Meloni’s “point of view does not change with respect to these other musical projects” and they all form a significant part of the producer’s experience. While Laertes was born out of the same fundamental sonic ideas of Modern Heads, his latest collaboration, White Light Spheres is slightly different, but draws from the same sonic palette where melancholy and a sense of foreboding dwell. Ginaluca says, “ the collaborations are like travelling, and in each there are experiences that you live while playing with other musicians.” His “experience with light Spheres was very emotional” with Francesco Cianella bringing a very visceral element to their music through his work on piano and “his old school DJ techniques”. They “played together a lot over the course of almost a year” after which they “joined the recorded pieces together, giving birth to this new project.”

Gianluca likes to wallow in the dark, and with White Light Spheres it gives him the opportunity to explore his ambient inclinations. Ambience has always been a “companion through the adventures” for Gianluca and for this project he wanted to include some downbeat tracks, but he hesitates to call it an absolute ambient project. He thinks of it as an acoustic project played as Techno. Meloni avoids defining his music at all in fact, preferring to make music for the sake of music and not some trend. He’s influenced by the collaborations and the exchange of playing with other people more than tags like Minimal Techno – tags that might have included Modern Heads then, but are completely irrelevant to Modern Heads now. After a substantial hiatus, the duo have returned with Chapter II in 2014 and followed it up almost immediately with Chapter II – the beginning. “We understood that we still have a lot to say, and to share”, says Gianluca of their return to production. It again marks an ever-changing evolution to their sound, with a “strong boost” form Dino’s experience running his label Outis and nurturing new artists. Their continued experience in the field has pushed them to evolve around a live set, and Gianluca has not ruled out the possibility of a new album. Modern Heads’ return looks set to continue well into the future but for Gianluca it’s always been natural to be involved in other projects, even in the shadow of the success of another. “Although Modern Heads has a special place in my heart, I think it is important for any musician or DJ producer to nourish your creative spirit through other experiences.”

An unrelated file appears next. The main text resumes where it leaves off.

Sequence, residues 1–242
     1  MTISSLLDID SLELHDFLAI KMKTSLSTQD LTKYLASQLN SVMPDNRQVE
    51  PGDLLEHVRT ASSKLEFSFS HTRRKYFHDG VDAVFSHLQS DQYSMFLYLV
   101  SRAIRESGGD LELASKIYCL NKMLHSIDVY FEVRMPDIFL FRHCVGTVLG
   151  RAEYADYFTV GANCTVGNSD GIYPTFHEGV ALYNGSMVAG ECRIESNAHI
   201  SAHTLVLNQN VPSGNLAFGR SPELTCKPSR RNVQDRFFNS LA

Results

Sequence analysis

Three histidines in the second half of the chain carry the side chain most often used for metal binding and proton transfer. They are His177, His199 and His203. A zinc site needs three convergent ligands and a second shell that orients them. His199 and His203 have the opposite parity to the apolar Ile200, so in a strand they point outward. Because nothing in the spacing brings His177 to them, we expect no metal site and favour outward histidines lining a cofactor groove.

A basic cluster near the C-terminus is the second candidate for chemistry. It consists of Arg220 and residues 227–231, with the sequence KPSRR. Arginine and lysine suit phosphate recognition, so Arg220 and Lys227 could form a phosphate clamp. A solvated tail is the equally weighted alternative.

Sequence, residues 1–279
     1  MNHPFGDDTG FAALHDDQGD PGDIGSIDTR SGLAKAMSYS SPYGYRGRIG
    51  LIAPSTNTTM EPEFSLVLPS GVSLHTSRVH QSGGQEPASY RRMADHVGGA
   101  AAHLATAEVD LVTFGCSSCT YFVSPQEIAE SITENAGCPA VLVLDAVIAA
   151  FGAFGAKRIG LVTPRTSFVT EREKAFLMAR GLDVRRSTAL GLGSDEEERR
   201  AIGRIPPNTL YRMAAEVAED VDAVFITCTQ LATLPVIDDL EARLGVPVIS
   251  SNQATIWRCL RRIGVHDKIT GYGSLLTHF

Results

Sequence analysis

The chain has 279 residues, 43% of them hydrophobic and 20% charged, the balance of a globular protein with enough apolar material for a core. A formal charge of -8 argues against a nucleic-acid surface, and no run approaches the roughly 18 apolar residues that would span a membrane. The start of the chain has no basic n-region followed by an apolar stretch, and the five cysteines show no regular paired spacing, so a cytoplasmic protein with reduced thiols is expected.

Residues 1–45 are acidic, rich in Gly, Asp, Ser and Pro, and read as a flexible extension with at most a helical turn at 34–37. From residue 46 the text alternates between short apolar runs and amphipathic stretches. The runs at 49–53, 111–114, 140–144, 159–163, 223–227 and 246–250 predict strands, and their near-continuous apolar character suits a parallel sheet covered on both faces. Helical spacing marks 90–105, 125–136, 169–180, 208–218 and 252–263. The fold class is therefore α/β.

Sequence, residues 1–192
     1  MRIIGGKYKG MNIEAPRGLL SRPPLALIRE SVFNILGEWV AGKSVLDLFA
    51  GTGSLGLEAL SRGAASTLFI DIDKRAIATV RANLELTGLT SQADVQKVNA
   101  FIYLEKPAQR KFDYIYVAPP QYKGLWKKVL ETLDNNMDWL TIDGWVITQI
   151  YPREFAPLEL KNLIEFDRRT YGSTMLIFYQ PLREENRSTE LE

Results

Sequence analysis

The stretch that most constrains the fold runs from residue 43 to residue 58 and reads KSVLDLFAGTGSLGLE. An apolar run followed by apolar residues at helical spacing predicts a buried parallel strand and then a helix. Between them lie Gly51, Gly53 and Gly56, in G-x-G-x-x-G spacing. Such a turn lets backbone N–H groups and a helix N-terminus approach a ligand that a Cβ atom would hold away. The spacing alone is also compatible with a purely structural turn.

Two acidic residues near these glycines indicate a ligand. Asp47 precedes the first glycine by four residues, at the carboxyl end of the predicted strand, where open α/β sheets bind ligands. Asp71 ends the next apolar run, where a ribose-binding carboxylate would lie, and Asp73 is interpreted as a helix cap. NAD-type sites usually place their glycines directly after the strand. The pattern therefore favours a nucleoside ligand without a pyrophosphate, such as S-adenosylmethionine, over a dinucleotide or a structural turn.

Laertes provides this latest form of nourishment, fuelling Gianluca’s darker nature as he “journeys through the circles of hell” in only the way a Greek myth could inspire. “I think it’s pretty Dark Techno”, he says of this new solo project, but wants the listener to make his/her own conclusions. The mix offers a few more rays of light than the production work, but still manages to capture an evocative mood of this project through this live set. Once again there’s a professional touch that results from Gianluca’s incredible experience as a DJ and producer, but the ultimate draw lies in the feeling he captures through this “emotional live set” that “passes between different atmospheres” and transcends the language barrier we’ve faced with the Italian in putting this article together. It ties his biography and this interview together ina way that all these words merely try to.